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Review: 'SMITH, JOHN'

-  Label: 'Commoner / Thirty Tigers'
-  Genre: 'Folk' -  Release Date: '5th October 2018'

Our Rating:
In introducing his 5th album to the world, John Smith speaks nostalgically of a series of teenage epiphanies that came after hearing Nick Drake, Bert Jansch and John Renbourn for the first time.

The ten songs are a homage to British folk music by this gifted Devon-born, Liverpool-based artist boosted by contributions from Cara Dillon, John McCusker and Ben Nicholls.

Recorded with an emphasis on less is more at Sam Lakeman’s Somerset studio, it features six of his favourite folk standards, one cover (Anne Briggs' melancholy The Time Has Come) and three original songs.

The title tune is one of the originals, with poignant memories of a former love very much in the style of Richard Thompson's 'Beeswing'.

Smith's other two songs are Boudica, dedicated to the English folk heroine and his own take on the murder ballad tradition, Axe Mountain (Revisited) written under the Black Mountains in Wales with the moral being "don’t mess with a Devon woman".

Otherwise he delves into the folk song archives cherry picking from the index of songs in the oral tradition meticulously compiled by Steve Roud, namely Roud 329:Hares On The Mountain, Roud 484:Lowlands Of Holland,Roud 487:Lord Franklin and Roud 1434:Master Kilby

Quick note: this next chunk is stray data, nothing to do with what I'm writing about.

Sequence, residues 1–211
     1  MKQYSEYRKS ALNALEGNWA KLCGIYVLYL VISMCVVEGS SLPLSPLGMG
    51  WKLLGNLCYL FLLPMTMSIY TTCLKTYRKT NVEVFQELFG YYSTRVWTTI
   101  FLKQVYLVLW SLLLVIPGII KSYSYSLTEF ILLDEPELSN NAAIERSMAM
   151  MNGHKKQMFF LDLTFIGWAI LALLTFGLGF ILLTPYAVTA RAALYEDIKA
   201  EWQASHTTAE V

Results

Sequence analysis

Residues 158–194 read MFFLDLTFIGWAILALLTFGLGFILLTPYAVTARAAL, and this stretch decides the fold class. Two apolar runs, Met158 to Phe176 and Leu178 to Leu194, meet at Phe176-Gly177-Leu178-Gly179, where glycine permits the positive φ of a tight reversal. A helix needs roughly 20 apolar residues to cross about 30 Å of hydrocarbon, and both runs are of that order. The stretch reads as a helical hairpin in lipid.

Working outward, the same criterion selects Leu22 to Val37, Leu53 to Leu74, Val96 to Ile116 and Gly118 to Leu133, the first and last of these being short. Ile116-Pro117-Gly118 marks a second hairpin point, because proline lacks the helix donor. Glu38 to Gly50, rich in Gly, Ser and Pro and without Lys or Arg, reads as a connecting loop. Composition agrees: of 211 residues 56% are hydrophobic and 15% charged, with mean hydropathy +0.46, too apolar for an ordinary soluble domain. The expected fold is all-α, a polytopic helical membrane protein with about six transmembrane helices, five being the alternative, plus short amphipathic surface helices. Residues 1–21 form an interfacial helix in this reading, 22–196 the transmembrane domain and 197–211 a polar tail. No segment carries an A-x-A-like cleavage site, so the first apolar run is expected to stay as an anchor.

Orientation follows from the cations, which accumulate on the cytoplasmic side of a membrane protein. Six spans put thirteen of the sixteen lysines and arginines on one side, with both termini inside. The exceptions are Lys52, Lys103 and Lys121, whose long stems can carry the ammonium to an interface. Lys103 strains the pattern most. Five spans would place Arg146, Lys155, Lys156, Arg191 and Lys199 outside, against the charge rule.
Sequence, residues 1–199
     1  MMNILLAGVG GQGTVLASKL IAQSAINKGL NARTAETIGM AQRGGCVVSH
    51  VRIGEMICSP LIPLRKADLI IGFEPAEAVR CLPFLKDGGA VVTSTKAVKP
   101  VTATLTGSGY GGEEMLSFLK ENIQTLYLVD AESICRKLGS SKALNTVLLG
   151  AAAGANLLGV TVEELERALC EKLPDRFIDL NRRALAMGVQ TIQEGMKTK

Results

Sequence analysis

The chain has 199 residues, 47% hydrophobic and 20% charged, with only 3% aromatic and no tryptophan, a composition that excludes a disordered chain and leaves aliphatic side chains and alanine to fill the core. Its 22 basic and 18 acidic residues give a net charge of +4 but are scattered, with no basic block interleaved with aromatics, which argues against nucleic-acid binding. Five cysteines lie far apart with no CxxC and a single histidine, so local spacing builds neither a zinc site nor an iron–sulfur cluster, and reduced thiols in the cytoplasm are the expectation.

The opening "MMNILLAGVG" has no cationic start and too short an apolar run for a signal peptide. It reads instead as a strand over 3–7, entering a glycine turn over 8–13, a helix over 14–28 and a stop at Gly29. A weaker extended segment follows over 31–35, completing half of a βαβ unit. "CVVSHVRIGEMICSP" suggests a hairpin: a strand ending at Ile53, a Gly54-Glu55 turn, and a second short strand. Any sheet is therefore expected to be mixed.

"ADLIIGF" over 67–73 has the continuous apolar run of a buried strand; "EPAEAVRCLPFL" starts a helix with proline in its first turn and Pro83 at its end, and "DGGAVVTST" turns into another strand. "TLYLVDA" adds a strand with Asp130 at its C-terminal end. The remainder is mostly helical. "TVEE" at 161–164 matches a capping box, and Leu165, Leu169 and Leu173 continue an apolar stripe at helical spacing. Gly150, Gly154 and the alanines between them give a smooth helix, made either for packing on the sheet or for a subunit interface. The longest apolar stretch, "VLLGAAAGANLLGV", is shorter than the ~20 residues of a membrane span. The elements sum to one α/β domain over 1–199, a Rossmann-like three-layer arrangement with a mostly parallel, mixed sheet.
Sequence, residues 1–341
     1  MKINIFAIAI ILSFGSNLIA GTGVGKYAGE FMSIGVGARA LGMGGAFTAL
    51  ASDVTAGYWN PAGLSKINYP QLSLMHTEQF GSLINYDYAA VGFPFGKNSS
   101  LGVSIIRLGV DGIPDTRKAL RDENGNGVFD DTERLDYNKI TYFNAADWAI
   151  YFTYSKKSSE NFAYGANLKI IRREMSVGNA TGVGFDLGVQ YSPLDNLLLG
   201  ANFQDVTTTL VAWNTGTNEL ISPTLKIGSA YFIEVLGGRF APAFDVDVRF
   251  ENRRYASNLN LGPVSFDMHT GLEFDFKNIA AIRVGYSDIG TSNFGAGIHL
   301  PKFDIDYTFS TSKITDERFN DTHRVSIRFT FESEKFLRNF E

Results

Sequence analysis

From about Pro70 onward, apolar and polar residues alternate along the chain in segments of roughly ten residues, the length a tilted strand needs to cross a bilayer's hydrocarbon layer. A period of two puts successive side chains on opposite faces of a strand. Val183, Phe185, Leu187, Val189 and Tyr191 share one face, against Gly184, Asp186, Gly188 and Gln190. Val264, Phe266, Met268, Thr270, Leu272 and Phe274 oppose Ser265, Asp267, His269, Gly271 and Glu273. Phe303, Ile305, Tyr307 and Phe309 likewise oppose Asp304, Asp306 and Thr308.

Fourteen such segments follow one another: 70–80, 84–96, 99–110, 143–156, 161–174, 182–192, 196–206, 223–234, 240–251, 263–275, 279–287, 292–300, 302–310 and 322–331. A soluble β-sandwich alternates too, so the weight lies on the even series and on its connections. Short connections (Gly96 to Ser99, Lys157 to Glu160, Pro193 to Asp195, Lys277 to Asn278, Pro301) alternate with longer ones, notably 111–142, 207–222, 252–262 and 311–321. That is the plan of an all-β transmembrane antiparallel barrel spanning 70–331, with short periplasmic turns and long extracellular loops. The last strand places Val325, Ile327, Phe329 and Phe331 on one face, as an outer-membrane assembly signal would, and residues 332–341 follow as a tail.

A transatlantic leap takes him to Willy Moore, a love song of unknown origin first collected in Harry Smith’s Anthology of American Folk Music.

The collection ends with the oldest song on the album, Unquiet Grave, Child Ballad 78, which is thought to originate in the 15th century. This is yet another tale of doomed love and the story is presented as a duet with Cara Dillon.

One way or another, death and despair loom large throughout this collection although these darker dimensions are easy to overlook in these tasteful renderings.

With his husky, melodic voice and expert six string finger picking, Smith's respect for the source material shines through but, perhaps inevitably, something of the rawness and weirdness of the originals is lost in the process.   

John Smith's website
  author: Martin Raybould

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